NAIROBI (Reuters) - Islamist militants were holed up with hostages on Sunday at a shopping mall in Nairobi, where at least 59 people have been killed in an attack by the al Shabaab group that opposes kenya's participation in a peacekeeping mission in neighboring Somalia.
A volley of gunfire lasting about 30 seconds interrupted a stalemate of several hours, a Reuters witness said, speaking from near the Westgate shopping centre that has several Israeli-owned outlets and is frequented by expatriates and Kenyans.
Foreigners, including three Britons and two diplomats - one from Canada and another from Ghana - were killed in Saturday's attack at the upmarket mall, claimed by Somali group al Shabaab.
Shortly after the shots were fired, troops in camouflage ran crouching below a restaurant terrace along the front of the building that had been buzzing with customers when assailants charged in. One witness said they first told Muslims to leave.
For hours after the brazen attack, the dead were strewn around tables of unfinished meals. At one burger restaurant, a man and woman lay in a final embrace after they had been killed, before their bodies were removed. Pop music was left playing.
Scores of Kenyans gathered at a site overlooking the mall, awaiting what they expected to be a violent denouement. "They entered through blood, that's how they'll leave," said Jonathan Maungo, a private security guard.
President Uhuru Kenyatta, facing his first major security challenge since a March election, said some of his close family members were among the dead, and vowed to defeat the militants.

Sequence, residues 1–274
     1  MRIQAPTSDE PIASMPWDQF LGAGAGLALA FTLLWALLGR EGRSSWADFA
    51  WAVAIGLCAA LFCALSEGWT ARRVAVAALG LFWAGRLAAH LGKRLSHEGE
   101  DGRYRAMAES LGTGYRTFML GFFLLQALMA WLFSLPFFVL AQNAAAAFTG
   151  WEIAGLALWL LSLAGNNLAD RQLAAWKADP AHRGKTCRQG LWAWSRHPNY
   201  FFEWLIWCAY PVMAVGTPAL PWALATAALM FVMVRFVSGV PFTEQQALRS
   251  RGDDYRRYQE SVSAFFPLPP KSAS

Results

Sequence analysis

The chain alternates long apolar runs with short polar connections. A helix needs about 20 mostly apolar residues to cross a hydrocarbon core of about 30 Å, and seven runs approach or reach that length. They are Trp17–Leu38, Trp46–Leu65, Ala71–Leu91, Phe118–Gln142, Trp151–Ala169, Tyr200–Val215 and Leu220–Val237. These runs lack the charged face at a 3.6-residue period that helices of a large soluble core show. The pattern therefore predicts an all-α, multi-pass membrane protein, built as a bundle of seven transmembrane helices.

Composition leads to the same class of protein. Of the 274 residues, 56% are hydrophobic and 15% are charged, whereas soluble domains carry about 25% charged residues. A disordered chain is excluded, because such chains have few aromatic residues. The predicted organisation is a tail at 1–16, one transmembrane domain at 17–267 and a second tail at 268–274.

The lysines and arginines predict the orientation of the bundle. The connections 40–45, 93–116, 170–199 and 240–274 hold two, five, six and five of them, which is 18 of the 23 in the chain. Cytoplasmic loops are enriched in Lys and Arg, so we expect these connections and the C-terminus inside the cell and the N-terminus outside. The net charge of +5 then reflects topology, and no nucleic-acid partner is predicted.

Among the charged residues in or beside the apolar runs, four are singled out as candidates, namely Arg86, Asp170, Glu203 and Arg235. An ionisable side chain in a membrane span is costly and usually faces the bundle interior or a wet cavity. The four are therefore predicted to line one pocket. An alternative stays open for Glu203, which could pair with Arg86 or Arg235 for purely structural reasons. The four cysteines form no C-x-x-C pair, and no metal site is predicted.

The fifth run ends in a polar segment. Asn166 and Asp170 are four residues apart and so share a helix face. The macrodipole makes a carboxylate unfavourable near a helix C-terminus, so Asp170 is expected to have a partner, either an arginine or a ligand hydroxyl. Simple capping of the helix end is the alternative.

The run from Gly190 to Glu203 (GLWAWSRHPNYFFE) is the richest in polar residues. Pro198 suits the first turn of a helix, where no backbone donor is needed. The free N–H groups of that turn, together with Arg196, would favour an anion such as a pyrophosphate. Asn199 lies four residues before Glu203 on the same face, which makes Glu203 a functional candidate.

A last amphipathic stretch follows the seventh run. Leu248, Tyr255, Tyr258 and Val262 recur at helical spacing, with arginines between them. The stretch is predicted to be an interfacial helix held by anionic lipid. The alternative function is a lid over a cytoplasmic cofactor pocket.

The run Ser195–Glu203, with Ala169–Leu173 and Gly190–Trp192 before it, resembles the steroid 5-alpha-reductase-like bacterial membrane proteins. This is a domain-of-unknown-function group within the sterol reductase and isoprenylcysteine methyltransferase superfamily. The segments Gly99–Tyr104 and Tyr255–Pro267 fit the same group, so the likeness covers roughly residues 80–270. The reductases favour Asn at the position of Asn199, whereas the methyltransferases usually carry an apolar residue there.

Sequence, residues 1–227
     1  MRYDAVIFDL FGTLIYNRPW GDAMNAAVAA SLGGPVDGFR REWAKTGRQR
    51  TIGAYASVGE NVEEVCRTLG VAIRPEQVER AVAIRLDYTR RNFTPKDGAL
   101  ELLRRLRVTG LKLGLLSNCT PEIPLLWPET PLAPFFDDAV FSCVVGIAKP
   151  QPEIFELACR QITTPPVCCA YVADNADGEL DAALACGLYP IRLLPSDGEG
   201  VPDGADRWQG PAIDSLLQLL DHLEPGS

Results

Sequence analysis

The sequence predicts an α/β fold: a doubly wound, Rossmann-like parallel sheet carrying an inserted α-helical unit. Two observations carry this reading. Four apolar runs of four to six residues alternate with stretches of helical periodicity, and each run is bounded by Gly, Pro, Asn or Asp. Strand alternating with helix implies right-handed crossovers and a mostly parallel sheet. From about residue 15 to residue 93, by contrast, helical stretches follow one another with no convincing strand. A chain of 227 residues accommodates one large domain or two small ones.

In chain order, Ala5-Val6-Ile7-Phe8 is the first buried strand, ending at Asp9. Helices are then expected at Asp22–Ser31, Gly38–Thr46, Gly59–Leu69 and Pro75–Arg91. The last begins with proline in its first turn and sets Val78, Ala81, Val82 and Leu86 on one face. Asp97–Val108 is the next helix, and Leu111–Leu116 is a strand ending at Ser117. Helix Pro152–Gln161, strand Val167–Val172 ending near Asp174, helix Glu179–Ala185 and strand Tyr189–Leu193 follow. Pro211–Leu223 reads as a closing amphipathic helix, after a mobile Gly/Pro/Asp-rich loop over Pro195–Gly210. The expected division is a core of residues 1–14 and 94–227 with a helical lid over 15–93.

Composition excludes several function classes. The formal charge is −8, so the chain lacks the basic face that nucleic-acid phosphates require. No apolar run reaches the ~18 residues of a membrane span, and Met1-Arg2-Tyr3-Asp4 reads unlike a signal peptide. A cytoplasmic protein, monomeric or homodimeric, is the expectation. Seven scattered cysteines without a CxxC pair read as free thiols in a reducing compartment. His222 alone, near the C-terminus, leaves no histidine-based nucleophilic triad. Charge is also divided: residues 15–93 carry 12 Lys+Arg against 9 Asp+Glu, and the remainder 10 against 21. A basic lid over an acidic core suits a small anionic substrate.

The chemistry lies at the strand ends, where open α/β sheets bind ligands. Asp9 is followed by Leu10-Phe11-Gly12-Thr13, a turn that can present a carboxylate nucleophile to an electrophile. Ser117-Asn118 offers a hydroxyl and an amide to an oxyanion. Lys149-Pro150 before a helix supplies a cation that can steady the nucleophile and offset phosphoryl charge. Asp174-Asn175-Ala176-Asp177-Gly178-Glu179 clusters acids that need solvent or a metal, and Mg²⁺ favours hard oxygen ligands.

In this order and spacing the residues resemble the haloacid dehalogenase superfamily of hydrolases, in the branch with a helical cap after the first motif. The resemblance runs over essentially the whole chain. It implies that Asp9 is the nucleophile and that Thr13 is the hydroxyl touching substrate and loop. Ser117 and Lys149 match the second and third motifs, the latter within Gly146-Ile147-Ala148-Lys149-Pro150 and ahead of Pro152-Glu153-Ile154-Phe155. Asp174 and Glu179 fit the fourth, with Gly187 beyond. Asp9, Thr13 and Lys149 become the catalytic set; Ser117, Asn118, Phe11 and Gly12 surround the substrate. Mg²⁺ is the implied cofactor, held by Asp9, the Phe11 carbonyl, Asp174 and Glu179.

"We have overcome terrorist attacks before," he said.
The assault was the biggest single attack in Kenya since al Qaeda's East Africa cell bombed the U.S. Embassy in Nairobi in 1998, killing more than 200 people. In 2002, the same militant cell attacked an Israeli-owned hotel on the coast and tried to shoot down an Israeli jet in a coordinated strike.
Al Shabaab's siege underlined its ability to cause major disruptions with relatively limited resources.
"In terms of capacity, while the group has grown considerably weaker in terms of being able to wage a conventional war, it is now ever more capable of carrying out asymmetric warfare," said Abdi Aynte, director of the Mogadishu-based Heritage Institute of Policy Studies, a regional policy and security think tank.
COSTLY FOR KENYA
Aynte also said the raid showed "a major failure on the part of the Kenyan security services", which had not detected an operation that must have taken several months to plan. Other experts said Western agencies had also not picked it up.
Interior Minister Joseph Ole Lenku told reporters the death toll had risen to 59, and that security forces were doing everything they could to rescue hostages still inside the mall.
He added that 175 people had been taken to hospital after an assault that could prove a costly setback for east Africa's biggest economy, which relies heavily on tourism revenues.
Kenya's deputy president, William Ruto, asked judges at the International Criminal Court in The Hague to allow him to return home to help deal with the siege and its aftermath.
He and Kenyatta face charges of crimes against humanity for their alleged role in coordinating violence that swept Kenya in the aftermath of the country's contested 2007 elections.
The dead in Saturday's assault included children, and the wounded ranged in age from 2 to 78. Many victims were at a cooking competition when assailants opened fire on them, witnesses said. More than 1,000 people were evacuated.
The focus of attention on Sunday was on Nakumatt supermarket, one of Kenya's biggest chains.